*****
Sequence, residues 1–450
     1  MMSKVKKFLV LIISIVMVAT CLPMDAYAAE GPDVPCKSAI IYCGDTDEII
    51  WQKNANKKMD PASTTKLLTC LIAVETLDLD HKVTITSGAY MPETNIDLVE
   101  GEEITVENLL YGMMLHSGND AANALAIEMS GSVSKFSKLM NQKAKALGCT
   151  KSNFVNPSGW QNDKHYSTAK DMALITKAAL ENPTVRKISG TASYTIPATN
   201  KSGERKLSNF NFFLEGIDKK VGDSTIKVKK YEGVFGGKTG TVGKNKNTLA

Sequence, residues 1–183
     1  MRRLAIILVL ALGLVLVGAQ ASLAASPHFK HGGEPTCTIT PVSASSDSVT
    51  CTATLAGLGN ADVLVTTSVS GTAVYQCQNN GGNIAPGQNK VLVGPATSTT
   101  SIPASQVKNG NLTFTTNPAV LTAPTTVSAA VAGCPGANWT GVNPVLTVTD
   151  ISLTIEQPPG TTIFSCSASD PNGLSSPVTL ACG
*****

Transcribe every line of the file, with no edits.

Sequence, residues 1–450
     1  MMSKVKKFLV LIISIVMVAT CLPMDAYAAE GPDVPCKSAI IYCGDTDEII
    51  WQKNANKKMD PASTTKLLTC LIAVETLDLD HKVTITSGAY MPETNIDLVE
   101  GEEITVENLL YGMMLHSGND AANALAIEMS GSVSKFSKLM NQKAKALGCT
   151  KSNFVNPSGW QNDKHYSTAK DMALITKAAL ENPTVRKISG TASYTIPATN
   201  KSGERKLSNF NFFLEGIDKK VGDSTIKVKK YEGVFGGKTG TVGKNKNTLA

Sequence, residues 1–183
     1  MRRLAIILVL ALGLVLVGAQ ASLAASPHFK HGGEPTCTIT PVSASSDSVT
    51  CTATLAGLGN ADVLVTTSVS GTAVYQCQNN GGNIAPGQNK VLVGPATSTT
   101  SIPASQVKNG NLTFTTNPAV LTAPTTVSAA VAGCPGANWT GVNPVLTVTD
   151  ISLTIEQPPG TTIFSCSASD PNGLSSPVTL ACG